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Letters: Zim limping toward elections

Political Violence

ONE reason Nigeria’s February elections were so disappointing for champions of democracy in Africa was the sense of dashed hopes — not for a particular outcome, but for a process that would deepen public trust and strengthen the bonds of accountability between the governing and the governed.

Because Nigeria had undertaken important election reforms and invested in technical upgrades intended to bolster integrity and transparency, would-be voters and observers saw an opportunity for a major step forward in the country’s democratic trajectory.

The dismay many expressed in the wake of the general election was grounded in a sense that electoral authorities had let the voters down.

In another of the continent’s major elections slated for this year, the state is taking the opposite approach.

Rather than raising the hopes of citizens that this summer’s election will be an improvement on the last, Zimbabwean authorities seem to be doing their best to dampen would-be voters’ enthusiasm.

The repressive political climate is depressingly familiar. The State continues to persecute opposition politicians and voices of dissent, and has taken steps to further curtail freedom of expression and association.

Police have even stopped musicians from performing songs that condemn corruption.

Against this backdrop, the Zimbabwe’s Electoral Commission (Zec), like all other State institutions, is blatantly politicised and sowing mistrust with its preparations to date.

A highly controversial delimitation exercise prompted accusations of foul play at best, and incompetence at worst, from politicians, civil society, and even some members of Zec itself.

Despite legal requirements to make the voters roll available for review, Zec has thrown up barriers to transparency at every turn.

Thus far, voter registration efforts, a critically important part of any credible exercise for a country in which large new cohorts of citizens reach the age of enfranchisement every year, have inspired more mistrust than confidence.

Citizens wishing to register have encountered delays, equipment failures and power outages. It is not hard to see why recent polling indicated that less than half of Zimbabweans trust Zec.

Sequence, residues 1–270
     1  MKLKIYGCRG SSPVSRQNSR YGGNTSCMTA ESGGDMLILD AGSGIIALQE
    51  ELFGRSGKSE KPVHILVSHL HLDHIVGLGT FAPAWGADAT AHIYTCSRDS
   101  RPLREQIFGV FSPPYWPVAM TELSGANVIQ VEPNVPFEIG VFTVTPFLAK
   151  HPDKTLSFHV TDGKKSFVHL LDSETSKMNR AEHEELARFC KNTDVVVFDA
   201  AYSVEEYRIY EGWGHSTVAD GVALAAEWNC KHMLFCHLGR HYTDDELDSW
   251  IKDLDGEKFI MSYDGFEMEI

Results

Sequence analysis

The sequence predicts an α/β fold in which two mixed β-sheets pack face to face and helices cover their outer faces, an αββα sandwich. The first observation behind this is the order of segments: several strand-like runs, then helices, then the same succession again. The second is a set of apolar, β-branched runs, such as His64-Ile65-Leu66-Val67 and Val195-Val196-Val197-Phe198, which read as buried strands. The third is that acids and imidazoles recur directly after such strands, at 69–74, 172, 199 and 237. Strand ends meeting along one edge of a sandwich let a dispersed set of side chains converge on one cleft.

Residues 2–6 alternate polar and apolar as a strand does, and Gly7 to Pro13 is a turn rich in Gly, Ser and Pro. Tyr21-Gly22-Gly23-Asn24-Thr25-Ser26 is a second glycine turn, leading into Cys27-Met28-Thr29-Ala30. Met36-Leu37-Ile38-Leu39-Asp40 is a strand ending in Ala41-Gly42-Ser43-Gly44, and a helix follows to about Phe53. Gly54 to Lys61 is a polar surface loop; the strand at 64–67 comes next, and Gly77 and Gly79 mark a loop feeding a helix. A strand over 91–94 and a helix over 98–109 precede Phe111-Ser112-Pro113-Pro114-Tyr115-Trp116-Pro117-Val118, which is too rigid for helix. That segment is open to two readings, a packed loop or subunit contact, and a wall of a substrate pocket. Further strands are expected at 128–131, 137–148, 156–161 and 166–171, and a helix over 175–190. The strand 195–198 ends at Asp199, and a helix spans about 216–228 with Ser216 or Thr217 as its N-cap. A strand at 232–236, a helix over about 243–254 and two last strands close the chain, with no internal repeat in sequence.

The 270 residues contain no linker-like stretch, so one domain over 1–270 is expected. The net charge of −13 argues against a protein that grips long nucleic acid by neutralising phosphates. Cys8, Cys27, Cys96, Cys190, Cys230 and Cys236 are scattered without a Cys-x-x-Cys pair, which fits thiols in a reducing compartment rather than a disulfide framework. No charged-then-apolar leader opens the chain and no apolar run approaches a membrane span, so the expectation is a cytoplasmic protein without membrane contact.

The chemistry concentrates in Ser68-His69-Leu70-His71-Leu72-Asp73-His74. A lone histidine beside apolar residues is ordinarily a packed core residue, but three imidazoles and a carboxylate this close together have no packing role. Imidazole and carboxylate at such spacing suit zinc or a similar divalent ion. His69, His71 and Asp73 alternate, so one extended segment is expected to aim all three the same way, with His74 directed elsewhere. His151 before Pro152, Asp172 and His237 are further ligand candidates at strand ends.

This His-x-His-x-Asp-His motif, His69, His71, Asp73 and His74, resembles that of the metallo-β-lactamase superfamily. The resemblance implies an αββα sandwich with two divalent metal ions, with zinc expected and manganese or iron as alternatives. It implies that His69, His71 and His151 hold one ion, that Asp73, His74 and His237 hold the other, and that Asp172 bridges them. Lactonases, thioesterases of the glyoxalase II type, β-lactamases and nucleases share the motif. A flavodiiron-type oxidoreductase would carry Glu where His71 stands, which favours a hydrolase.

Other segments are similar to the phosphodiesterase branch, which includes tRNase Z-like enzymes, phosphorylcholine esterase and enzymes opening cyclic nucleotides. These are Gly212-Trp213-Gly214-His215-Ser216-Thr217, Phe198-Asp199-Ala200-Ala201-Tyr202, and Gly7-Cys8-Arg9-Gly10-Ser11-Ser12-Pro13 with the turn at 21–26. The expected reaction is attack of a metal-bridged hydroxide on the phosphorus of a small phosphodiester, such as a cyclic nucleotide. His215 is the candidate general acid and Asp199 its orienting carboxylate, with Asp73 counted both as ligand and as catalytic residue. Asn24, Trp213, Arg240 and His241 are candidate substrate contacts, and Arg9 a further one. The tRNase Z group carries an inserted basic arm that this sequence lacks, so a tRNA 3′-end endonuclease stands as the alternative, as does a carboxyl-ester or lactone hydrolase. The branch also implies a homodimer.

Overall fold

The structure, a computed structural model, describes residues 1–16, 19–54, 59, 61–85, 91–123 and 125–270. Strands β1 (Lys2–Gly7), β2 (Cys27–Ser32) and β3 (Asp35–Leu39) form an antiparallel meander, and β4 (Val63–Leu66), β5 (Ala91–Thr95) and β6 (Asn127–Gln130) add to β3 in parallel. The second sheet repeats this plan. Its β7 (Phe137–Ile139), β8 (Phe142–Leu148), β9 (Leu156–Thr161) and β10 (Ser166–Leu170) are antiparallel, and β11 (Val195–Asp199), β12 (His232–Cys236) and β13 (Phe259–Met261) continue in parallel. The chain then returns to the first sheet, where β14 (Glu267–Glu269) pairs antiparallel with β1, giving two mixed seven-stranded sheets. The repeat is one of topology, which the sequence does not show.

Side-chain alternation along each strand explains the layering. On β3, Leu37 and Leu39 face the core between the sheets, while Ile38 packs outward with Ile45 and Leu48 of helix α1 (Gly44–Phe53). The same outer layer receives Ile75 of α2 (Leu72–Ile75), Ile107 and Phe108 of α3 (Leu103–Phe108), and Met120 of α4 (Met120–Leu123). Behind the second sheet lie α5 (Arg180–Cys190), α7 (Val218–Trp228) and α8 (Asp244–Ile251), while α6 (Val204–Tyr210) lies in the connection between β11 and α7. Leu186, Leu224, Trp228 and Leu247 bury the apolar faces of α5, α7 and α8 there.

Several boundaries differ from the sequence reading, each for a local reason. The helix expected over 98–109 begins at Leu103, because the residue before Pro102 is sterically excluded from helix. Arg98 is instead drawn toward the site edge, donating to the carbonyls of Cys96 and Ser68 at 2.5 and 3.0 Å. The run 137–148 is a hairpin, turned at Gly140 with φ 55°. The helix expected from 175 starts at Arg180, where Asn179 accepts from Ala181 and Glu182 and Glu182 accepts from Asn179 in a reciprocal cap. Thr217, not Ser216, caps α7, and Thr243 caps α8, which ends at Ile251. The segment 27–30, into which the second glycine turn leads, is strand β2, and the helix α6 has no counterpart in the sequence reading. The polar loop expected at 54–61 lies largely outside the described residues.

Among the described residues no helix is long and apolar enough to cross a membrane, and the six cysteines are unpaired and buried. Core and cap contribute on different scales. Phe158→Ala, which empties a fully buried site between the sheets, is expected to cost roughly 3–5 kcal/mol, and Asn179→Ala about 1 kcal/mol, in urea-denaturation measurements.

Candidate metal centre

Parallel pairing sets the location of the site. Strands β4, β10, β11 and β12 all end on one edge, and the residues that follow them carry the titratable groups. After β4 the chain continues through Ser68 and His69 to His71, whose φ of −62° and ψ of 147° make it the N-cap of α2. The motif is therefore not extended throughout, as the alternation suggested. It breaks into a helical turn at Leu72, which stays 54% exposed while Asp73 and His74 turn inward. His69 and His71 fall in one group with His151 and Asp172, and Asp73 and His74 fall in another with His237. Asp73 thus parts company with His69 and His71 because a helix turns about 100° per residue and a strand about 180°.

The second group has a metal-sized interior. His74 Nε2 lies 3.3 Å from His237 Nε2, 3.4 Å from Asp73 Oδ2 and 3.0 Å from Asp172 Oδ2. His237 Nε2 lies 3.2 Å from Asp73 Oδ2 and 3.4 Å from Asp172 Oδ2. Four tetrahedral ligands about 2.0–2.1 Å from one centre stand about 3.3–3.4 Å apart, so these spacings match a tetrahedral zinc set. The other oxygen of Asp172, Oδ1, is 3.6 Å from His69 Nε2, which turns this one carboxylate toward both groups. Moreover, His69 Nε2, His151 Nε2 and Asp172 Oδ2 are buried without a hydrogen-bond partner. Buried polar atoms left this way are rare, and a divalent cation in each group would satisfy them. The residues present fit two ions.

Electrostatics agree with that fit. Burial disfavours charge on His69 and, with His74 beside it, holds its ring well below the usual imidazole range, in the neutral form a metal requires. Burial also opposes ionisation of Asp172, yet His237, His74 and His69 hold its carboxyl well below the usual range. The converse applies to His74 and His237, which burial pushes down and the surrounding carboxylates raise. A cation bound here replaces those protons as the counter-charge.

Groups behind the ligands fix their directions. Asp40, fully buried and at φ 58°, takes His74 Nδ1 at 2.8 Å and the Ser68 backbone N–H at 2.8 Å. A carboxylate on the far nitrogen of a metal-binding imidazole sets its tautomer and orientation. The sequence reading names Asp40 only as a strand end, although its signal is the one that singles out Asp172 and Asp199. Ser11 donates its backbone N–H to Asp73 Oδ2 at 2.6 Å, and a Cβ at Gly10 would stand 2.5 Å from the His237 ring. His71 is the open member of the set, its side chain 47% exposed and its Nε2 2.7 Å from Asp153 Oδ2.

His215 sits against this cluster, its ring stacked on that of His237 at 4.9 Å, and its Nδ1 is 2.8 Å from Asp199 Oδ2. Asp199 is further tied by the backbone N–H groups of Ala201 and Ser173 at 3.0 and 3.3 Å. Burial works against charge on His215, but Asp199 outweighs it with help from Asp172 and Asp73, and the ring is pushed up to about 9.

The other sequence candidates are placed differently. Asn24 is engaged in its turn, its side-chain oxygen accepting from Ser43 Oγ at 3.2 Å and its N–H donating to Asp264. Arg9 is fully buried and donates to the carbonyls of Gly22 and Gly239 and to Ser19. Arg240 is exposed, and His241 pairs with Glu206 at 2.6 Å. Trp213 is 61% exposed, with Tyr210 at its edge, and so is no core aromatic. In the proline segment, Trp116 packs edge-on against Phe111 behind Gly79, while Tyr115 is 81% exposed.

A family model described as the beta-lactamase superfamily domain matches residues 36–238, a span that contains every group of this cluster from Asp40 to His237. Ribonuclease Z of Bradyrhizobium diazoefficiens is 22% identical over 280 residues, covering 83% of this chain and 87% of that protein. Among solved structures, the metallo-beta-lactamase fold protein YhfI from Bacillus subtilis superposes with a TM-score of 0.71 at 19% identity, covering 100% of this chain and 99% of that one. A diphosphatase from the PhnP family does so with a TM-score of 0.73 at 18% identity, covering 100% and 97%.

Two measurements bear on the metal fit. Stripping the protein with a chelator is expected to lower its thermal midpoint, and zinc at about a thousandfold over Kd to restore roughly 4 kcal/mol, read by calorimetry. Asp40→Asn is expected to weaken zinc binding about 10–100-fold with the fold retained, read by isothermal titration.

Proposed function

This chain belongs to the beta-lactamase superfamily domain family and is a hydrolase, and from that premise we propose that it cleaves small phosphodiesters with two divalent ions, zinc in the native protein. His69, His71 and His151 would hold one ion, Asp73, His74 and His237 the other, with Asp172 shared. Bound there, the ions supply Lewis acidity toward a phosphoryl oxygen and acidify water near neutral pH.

As the Crisis in Zimbabwe Coalition put it in an open letter to President Emmerson Mnangagwa this month: “The road to Elections 2023 has started on a very bad note.”

It will be up to Zimbabwean citizens to initiate any momentum away from the country’s long downward trajectory.

But that is a tall order for a people struggling to make ends meet, and jaded by politics that are so blatantly engineered to enrich and protect a political and security elite at the expense of everyone else.

In a recent poll, Afrobarometer found that young Zimbabweans are significantly less likely to participate in the electoral process than older generations, perhaps because their experience tells them that elections are not a meaningful way to get government to respond to their needs.

As the United States looks ahead to a calendar full of complex election scenarios in the region, policymakers need a more effective toolkit to combat the insidious influence of this kind of cynical electoral charade, which drags down enthusiasm for democratic governance and ultimately strengthens the hands of all authoritarians, not just those in Zimbabwe.

When “democracy” is reduced to fatally flawed elections that deliver no accountability, reliable rule of law or demand-driven governance, just an expensive exercise in imposing the will of the powerful, the standard playbook of enumerating flaws in the process is insufficient.

At the upcoming US Summit for Democracy, finding ways to enlist regional partners in combatting this dangerous conflation of elections, however flawed, and actual democratic governance, should be at the top of the agenda. - Michelle Gavin

Learners with special needs must be covered

There is need to ensure that learners with special needs and disabilities achieve their maximum potential, live independent lives and contribute to the development of the country as productive citizens to promote self-reliance and empowerment.